The Machine Learning Award goes to …

Perhaps the biggest CS prize for research is the Turing Award, which has a $0.25M cash prize associated with it. It appears none of the prizes so far have been for anything like machine learning (the closest are perhaps database awards).

In CS theory, there is the Gödel Prize which is smaller and newer, offering a $5K prize along and perhaps (more importantly) recognition. One such award has been given for Machine Learning, to Robert Schapire and Yoav Freund for Adaboost.

In Machine Learning, there seems to be no equivalent of these sorts of prizes. There are several plausible reasons for this:

There is no coherent community. People drift in and out of the central conferences all the time. Most of the author names from 10 years ago do not occur in the conferences of today. In addition, the entire subject area is fairly new. There are at least a core group of people who have stayed around.
Machine Learning work doesn’t last Almost every paper is forgotten, because {the goals change, there isn’t any real progress, there are no teachable foundations}. It’s true of all fields of research.
There is no consensus (or clarity) on what’s important. The field is fractured between many very different viewpoints—statistical, empirical, AI, and theoretical. The prioritization of results across these very different viewpoints is hard. We can hope that people who have been around for awhile can learn to appreciate these other viewpoints. The Turing Award is over a much more diverse set of interests.

I think there are some sound reasons why we-as-a-field-of-research should want a field-wide award.

  1. Aspiration Perhaps the most valuable aspect of an award is that it gives people an incentive to aim for something in the long term. The closest approximation that we have right now is “best papers” awards at individual conferences. Best paper awards have a role, but it’s not the same. 10 years from now, when we look back 10 years, which papers will seem most significant? Across many different conferences?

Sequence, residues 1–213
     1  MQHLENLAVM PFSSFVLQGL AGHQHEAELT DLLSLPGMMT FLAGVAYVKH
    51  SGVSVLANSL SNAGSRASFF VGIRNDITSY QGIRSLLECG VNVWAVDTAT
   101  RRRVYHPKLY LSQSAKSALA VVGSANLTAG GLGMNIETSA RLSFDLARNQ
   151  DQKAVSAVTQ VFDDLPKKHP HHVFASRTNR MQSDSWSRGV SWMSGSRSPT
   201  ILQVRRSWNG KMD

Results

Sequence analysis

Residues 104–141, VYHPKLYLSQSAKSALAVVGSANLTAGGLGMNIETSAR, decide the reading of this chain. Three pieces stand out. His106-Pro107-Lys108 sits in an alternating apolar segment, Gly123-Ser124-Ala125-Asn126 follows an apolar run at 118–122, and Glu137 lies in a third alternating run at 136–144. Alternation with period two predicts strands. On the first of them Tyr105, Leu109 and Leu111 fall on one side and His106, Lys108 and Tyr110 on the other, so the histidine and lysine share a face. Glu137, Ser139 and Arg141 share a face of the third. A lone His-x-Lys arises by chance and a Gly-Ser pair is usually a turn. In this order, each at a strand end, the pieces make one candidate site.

2. Representation One function of an award is that tells other people what we consider good work. In an academic reference frame, it gives information of the form “this person deserves tenure”. From a less cynical point of view, having a short list of “what’s important” that outsiders can peruse might be quite helpful as a starting point in understanding what’s going on.
  3. Crystallization Research is a process of discovering information and placing it carefully in context. An award has some role in furthering that process.

The worst part of any award is administering it. How do you avoid wasting time and playing favorites while keeping the higher level vision of what might be useful in the long term? I don’t have any great insight, except that it would need to be done.

8 Replies to “The Machine Learning Award goes to …”

  1. The Goedel prize is a test-of-time award. If you look back at papers published in 1997, can you find one or two papers that have had lasting impact? ;

    Incidentally, the two papers selected for the inaugural Longuet-Higgins award this year (recognizing published at CVPR 1997) were both very related to learning:

    * J. Shi and J. Malik, Normalized Cuts and Image Segmentation
    * E. Osuna, R. Freund, and F. Girosi, Training Support Vector Machines: An Application to Face Detection

  2. The Netflix Prize is ML. The winner is for the best composite system. Here, I’m mostly talking about a ‘test-of-time’ award, as Aaron describes for CVPR. That is what seems to be missing.

  3. I’m happy to see that ICML has a 10 year award this year. Furthermore, this seems to have been done “right”—it’s awarded to the best paper they can find at ICML or related conferences on the topic of machine learning.

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